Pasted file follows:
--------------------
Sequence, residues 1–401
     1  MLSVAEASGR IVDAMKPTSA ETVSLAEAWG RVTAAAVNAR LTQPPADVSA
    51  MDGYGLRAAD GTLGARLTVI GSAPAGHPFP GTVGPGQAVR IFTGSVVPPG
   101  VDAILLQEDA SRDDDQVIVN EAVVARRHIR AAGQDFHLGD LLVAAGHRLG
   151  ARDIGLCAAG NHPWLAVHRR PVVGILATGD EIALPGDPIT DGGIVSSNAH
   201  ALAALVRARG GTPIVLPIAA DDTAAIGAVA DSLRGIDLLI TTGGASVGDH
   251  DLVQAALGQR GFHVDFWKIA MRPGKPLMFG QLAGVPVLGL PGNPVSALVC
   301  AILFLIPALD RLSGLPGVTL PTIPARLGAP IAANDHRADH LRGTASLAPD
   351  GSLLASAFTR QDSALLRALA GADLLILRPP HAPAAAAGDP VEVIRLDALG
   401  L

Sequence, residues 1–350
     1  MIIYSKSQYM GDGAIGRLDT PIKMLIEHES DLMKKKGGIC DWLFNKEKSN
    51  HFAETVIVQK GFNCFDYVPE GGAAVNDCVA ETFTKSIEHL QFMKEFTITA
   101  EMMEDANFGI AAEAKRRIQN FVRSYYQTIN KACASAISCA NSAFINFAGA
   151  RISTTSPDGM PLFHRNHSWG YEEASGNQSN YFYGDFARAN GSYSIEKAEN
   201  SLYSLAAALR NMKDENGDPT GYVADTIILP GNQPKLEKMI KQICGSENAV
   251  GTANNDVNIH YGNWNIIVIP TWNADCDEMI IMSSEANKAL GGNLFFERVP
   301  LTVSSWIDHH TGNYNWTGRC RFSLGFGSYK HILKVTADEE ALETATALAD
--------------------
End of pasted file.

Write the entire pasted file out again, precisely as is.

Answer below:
Sequence, residues 1–401
     1  MLSVAEASGR IVDAMKPTSA ETVSLAEAWG RVTAAAVNAR LTQPPADVSA
    51  MDGYGLRAAD GTLGARLTVI GSAPAGHPFP GTVGPGQAVR IFTGSVVPPG
   101  VDAILLQEDA SRDDDQVIVN EAVVARRHIR AAGQDFHLGD LLVAAGHRLG
   151  ARDIGLCAAG NHPWLAVHRR PVVGILATGD EIALPGDPIT DGGIVSSNAH
   201  ALAALVRARG GTPIVLPIAA DDTAAIGAVA DSLRGIDLLI TTGGASVGDH
   251  DLVQAALGQR GFHVDFWKIA MRPGKPLMFG QLAGVPVLGL PGNPVSALVC
   301  AILFLIPALD RLSGLPGVTL PTIPARLGAP IAANDHRADH LRGTASLAPD
   351  GSLLASAFTR QDSALLRALA GADLLILRPP HAPAAAAGDP VEVIRLDALG
   401  L

Sequence, residues 1–350
     1  MIIYSKSQYM GDGAIGRLDT PIKMLIEHES DLMKKKGGIC DWLFNKEKSN
    51  HFAETVIVQK GFNCFDYVPE GGAAVNDCVA ETFTKSIEHL QFMKEFTITA
   101  EMMEDANFGI AAEAKRRIQN FVRSYYQTIN KACASAISCA NSAFINFAGA
   151  RISTTSPDGM PLFHRNHSWG YEEASGNQSN YFYGDFARAN GSYSIEKAEN
   201  SLYSLAAALR NMKDENGDPT GYVADTIILP GNQPKLEKMI KQICGSENAV
   251  GTANNDVNIH YGNWNIIVIP TWNADCDEMI IMSSEANKAL GGNLFFERVP
   301  LTVSSWIDHH TGNYNWTGRC RFSLGFGSYK HILKVTADEE ALETATALAD